### TABLE 5 Distribution of (p,p) contacts as a function of monomer type and AAG(H0,HO) AAG(H4D,H4)

1996

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### Table 4 An interaction test suite with 11 seeded rows requires only 4 extra tests to cover all pair-wise interactions.

2006

"... In PAGE 10: ... This can arise, for example, when extending a seed; interactions covered in the seed are thereafter neutral. In Table4 , the combination (8,11) was specified as neutral and consequently is included only in the last test (since no benefit arises from its coverage). 3.... ..."

Cited by 4

### Table 4 An interaction test suite with 11 seeded rows requires only 4 extra tests to cover all pair-wise interactions.

2006

"... In PAGE 10: ... This can arise, for example, when extending a seed; interactions covered in the seed are thereafter neutral. In Table4 , the combination (8,11) was specified as neutral and consequently is included only in the last test (since no benefit arises from its coverage). 3.... ..."

Cited by 4

### Table 1: Scale of pair-wise comparisons

"... In PAGE 5: ... Example 4: A student wants to determine the relative importance of four activities in his life: A part-time job, study, personal activities and social activities. Using AHP, he will first make six pair-wise comparisons according to a pre-defined scale shown in Table1 . The results of the comparisons are shown in a matrix given in Table 2.... ..."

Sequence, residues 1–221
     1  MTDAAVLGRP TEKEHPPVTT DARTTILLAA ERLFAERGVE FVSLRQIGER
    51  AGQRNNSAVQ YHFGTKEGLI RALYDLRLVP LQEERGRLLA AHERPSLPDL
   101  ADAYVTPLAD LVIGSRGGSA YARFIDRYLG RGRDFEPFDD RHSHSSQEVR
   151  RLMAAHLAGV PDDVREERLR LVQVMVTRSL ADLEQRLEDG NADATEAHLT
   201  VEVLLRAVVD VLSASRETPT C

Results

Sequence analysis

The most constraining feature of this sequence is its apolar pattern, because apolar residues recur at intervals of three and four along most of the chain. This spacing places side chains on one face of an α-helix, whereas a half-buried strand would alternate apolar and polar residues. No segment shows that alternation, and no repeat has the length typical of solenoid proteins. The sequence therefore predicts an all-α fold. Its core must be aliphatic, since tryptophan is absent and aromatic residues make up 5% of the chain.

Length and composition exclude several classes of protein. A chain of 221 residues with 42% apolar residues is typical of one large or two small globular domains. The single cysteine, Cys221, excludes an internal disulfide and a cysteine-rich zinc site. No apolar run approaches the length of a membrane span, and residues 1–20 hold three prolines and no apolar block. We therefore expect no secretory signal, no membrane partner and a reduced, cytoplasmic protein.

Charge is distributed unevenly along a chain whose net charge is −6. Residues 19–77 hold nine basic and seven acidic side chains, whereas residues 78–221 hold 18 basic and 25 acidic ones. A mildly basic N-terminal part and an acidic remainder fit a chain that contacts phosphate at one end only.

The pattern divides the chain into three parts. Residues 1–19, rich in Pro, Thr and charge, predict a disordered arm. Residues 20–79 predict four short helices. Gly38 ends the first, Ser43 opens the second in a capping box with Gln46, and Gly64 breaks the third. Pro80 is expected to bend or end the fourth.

### Table 1: Scale of pair-wise comparisons

"... In PAGE 7: ... Example 4: A student wants to determine the relative importance of four activities in his life: A part-time job, study, personal activities and social activities. Using AHP, he will first make six pair-wise comparisons according to a pre-defined scale shown in Table1 . The results of the comparisons are shown in a matrix given in Table 2.... ..."

### Table 2 Pair-wise prediction characteristics

2006

"... In PAGE 3: ...EGASP evaluation of the submitted results and those displayed in Table 1, but do not materially change the results or the interpretation of them. Transcript predictions from individual informant sources For the set of all 44 ENCODE regions, each individual informant results in a similar number of predicted tran- scripts ( Table2 ). Informant sources at greater evolutionary distances tend to result in fewer, longer transcripts than informants within the mammalian lineage.... In PAGE 3: ... Informant sources at greater evolutionary distances tend to result in fewer, longer transcripts than informants within the mammalian lineage. However, the summary information from the ENCODE regions presented in Table2 only hints at the diversity of predicted transcripts from the various informant sources. For example, mouse and rat shared a common ancestor approximately 25 million years ago and align similar fractions of the human genome using our alignment procedure (see Materials and methods and Table 3), but using these two rodent genome sequences as informant sources leads to a significantly different set of transcripts.... In PAGE 3: ... Conversely, the opossum aligns approximately one-third the total number of bases as the rodent sequences, while retaining alignment in 76% of the coding regions (Table 3). Informative value of the pair-wise alignments The alignment characteristics for each of the six informant sequences shown in Table 3 are primarily responsible for the characteristics of the pair-wise prediction sets shown in Table2 . To asses how the alignments affect the various http://genomebiology.... ..."